What Are Change Addresses In Bitcoin And How Do They Work?

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You might have heard of change addresses and wonder what it means for your Bitcoin transaction.

In this guide we will explain what are change addresses are. Change addresses are a feature of Bitcoin that allow users to transact using exact amounts, even if the transaction isn’t the total amount of the output being spent.

It’s similar to when people transact with cash. If the buyer pays with a $50 bill, but the thing he buys cost $35, he will receive $15 in change back. In Bitcoin, the difference between the total amount paid and the total transaction cost is sent back to the user as change using a change address.

How do change addresses work?

To understand change addresses, we’ll need to explain how Bitcoin transactions work. Then, we’ll get into change addresses and their role in the transaction process.

Every Bitcoin transaction is made up of at least one input and output. Inputs and outputs are how the breakdown or denomination of Bitcoin happens as funds are transacted across the network.

bitcoin transaction with inputs and outputs
A bitcoin transaction has inputs and outputs

Inputs are the existing funds you use when sending a transaction. Outputs are on the receiving side.When the funds you send come out on the receiving end of a transaction, they are now called outputs. From one transaction to the next, each input is the output of a previous transaction.

To explain inputs and outputs a bit more, let’s use a currency like US dollars as an example. Say you buy something for $20 and pay the the seller with a $20 bill. Later that day, the seller who accepted your $20 leaves work to go buy some dinner. He pays the restaurant with the same $20 that you gave him. Going back to your transaction, the $20 was your output and the seller’s input. In the dinner transaction, the $20 was the merchant’s output and the restaurant’s input.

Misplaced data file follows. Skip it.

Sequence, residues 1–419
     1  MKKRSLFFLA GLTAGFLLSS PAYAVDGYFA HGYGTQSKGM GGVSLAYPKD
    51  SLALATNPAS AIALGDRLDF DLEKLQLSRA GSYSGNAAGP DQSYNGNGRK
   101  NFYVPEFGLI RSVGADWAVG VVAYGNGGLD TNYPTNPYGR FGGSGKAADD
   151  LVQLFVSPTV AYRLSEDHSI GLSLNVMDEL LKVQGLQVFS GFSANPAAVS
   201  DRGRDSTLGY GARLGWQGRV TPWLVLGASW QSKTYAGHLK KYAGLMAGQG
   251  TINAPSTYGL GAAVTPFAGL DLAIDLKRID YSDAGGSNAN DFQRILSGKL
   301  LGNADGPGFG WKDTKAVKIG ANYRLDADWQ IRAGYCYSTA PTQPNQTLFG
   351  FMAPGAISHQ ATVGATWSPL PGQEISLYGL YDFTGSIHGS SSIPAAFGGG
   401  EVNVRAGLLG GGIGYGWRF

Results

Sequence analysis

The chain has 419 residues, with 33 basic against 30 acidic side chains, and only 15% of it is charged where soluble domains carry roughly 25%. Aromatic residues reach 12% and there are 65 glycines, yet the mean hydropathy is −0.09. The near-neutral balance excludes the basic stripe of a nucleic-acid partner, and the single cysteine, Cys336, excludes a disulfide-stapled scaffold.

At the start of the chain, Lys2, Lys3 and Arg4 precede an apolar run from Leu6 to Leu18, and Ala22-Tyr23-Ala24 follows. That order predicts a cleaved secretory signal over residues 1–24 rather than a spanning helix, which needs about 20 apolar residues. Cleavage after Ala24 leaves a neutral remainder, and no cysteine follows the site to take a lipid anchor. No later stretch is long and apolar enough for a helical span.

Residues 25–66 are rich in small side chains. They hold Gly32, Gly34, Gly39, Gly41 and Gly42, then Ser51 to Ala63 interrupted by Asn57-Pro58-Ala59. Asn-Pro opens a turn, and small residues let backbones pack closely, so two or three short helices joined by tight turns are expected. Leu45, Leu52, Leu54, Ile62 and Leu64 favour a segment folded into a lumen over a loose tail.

Now, what if your purchase doesn’t cost $20, but it costs $15? Since all you have is one $20 bill, you can’t pay exactly $15, right? In that case, you’d pay with the $20 bill, and the seller will give you a $5 bill as your change.

Switching gears back to Bitcoin, change plays a similar role like we explained with the $20 used for a $15 purchase. When you use an input that is worth more than the transaction cost, the extra funds are sent back to you as change through a newly generated address (as opposed to you receiving it to the same address you sent from). This is called your change address.

How do change addresses appear in my transaction history? When you send funds, your change addresses are generated by your wallet, but you won’t see separate transactions in your transaction history for receiving your change; it’s included in the original sending transactions as a second output.

You can view your change address for any given outgoing transaction by clicking on your transaction history. Then, expand the specific transaction to view extra details.

Of course, there are times when your transaction may not need a change address. If you end up spending the exact balance of an input, then you won’t need change (just like how, if you bought something from a seller for $20, then the seller wouldn’t have to give you change for your $20 bill).

Want to go deeper down the rabbit hole? Check our article on UTXOs:

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